Dynamic flow measurement system for tanker offloading

November 19th, 2014, Published in Articles: EngineerIT


Shipping across Egypt instead of through the Suez canal is cheaper, quicker, and more flexible, but it requires custody transfer metering that is accurate with billing acceptable to owner, customer, and Sumed – the transport company. Ain Sukha offloading terminal for very large crude carriers (VLCC) is particularly problematic for dynamic flow measurement due to instability variance characteristics of the VLCC pumping during discharge operations, with the resulting possibility of introducing entrained air during discharging.

Moreover the station is situated at the entrance to the shore terminal at the end of an 8 km 1,2 m sub-sea pipeline. Sumed commissioned in cooperation with Saudi Aramco the design and pilot build of a state-of-the art metering system on import line #2. FEED and uncertainty studies were done by TÜV NEL, and the system designed and supplied by Krohne Oil & Gas.

Sumed’s primary function is to handle, store and transfer crude oil from different customers from the Red Sea region to the Mediterranean sea through a trans-Egypt pipeline. Any systematic measurement offset will directly affect the Sumed’s revenues and it may also affect the competitive edge Sumed enjoys versus alternative transport routed via the Suez Canal. Ain Sukhna at the Red Sea is a crude oil receiving station where crude oil is imported from an offshore single-point mooring to tank storage. From the tank storage, the product is transported via two 1,06 m pipelines to SidiKerir near Alexandria on the Mediterranean coast for export to tankers, thus saving cost and passage time through the Suez Canal.

In order to control the batch quantities and minimise any offset during the intake of crude oil, Sumed decided to install a real- time dynamic metering system in addition to the existing static measurement of their shore tanks.

The dedicated metering skid is located on land close to the shore tanks and approx. 8 km away from the buoy and comprises:

  • 5 x 40 cm Krohne Altsonic V ultrasonic metering streams in parallel
  • 1 x 20 cm Krohne Altsonic V ultrasonic stream for low flow
  • 1 x 91 cm direction ball prover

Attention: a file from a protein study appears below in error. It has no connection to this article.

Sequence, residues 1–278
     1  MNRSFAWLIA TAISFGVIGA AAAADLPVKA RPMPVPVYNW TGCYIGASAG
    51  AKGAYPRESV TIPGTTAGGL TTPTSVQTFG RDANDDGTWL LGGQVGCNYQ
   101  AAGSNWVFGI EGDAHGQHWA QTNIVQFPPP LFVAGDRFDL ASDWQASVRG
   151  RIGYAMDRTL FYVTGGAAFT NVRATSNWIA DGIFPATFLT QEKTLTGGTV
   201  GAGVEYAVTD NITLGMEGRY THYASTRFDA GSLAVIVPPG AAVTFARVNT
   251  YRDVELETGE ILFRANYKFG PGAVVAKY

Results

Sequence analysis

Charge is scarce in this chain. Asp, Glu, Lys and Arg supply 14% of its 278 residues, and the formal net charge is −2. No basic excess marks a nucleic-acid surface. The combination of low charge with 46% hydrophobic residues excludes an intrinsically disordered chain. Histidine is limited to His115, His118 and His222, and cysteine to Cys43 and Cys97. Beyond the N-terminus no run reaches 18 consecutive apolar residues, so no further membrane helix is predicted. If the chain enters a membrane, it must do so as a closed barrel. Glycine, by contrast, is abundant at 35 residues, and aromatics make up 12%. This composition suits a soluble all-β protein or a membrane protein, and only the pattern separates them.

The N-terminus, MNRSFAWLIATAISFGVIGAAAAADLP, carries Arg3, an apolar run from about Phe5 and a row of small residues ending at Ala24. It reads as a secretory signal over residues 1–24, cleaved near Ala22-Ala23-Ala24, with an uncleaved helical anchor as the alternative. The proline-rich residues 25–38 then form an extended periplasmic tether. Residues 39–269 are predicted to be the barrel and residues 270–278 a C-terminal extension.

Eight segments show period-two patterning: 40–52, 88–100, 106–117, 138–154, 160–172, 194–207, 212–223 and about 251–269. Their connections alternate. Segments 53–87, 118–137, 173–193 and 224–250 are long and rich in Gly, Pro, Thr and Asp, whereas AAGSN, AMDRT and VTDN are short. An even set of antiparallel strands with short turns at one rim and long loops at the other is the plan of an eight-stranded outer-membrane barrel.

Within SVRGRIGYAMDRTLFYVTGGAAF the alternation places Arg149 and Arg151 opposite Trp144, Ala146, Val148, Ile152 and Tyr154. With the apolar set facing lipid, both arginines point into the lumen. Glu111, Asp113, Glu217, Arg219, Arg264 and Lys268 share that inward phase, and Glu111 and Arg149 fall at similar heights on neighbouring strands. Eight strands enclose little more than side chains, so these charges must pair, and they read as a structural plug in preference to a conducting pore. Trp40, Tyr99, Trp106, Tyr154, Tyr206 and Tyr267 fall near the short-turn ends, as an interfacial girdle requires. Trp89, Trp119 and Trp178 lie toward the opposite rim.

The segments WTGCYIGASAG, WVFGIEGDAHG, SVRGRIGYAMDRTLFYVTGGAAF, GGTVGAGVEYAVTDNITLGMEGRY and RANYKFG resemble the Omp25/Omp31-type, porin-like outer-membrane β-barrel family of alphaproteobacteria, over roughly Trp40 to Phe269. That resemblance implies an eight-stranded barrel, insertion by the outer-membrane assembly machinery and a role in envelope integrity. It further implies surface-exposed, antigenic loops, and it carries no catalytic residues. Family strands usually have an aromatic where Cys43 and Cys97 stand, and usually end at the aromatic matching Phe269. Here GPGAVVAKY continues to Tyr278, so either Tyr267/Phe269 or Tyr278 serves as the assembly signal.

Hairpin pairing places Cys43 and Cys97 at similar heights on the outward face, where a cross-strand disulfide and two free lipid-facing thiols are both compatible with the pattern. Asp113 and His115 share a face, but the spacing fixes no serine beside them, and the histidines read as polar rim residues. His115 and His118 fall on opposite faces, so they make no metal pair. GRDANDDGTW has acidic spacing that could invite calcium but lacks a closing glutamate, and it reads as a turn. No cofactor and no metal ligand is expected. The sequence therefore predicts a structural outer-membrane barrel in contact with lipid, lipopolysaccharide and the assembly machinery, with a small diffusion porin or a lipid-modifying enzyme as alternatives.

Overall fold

• 1 x redundant supervisory system.

Beside the ultrasonic meters, the stream is fitted with a degasser system, upstream, downstream and prover interconnection valves for flow line-up, and flow balancing control valves. The bi-directional ball prover determines the required correction factors for the flowmeters.

Fig. 2: Map of Egypt showing the pipeline.

Fig. 1: Map of Egypt showing the pipeline.

A density meter (Solartron) in the fast loop at the metering skid outlet header monitors the product properties and is connected to the redundant stream flow computers (Summit 8800). A viscosity meter in the fast loop at the metering skid outlet header is used for the flowmeter body correction calculations. The redundant PLC performs the full line-up of the system and required process control. The existing sampler was connected to the metering system. The representative sample is analysed in the lab and subsequently used to determine the final batch loading figures.

A redundant human machine interfaced (HMI) supervisory computer system is used to monitor and control the entire loading sequence, scheduling of future vessel loadings, lab analysis inputting, and finally the generation of the measurement ticket.

Fig. 3: Skid mounted and awaiting commissioning.

Fig. 2: Skid mounted and awaiting commissioning.

Why select ultrasonic measurement?

This offloading facility has very specific properties, creating a challenge for the development of a dynamic metering system:

  • High required throughput (up to 12,000 m3/hr, ± 76 000 bbl/hr)
  • Large variety of product viscosity (between 3 and 25 cSt and sometimes up to 100 cSt). cST is measurement unit ofs kinematic viscosity. Its metric equivalent is mm ²/s = 1cST.
  • Low back-pressure (only the product level in the shore tanks creates back pressure)
  • Possible gas entrapment at start and end of loading sequence
  • Possible free water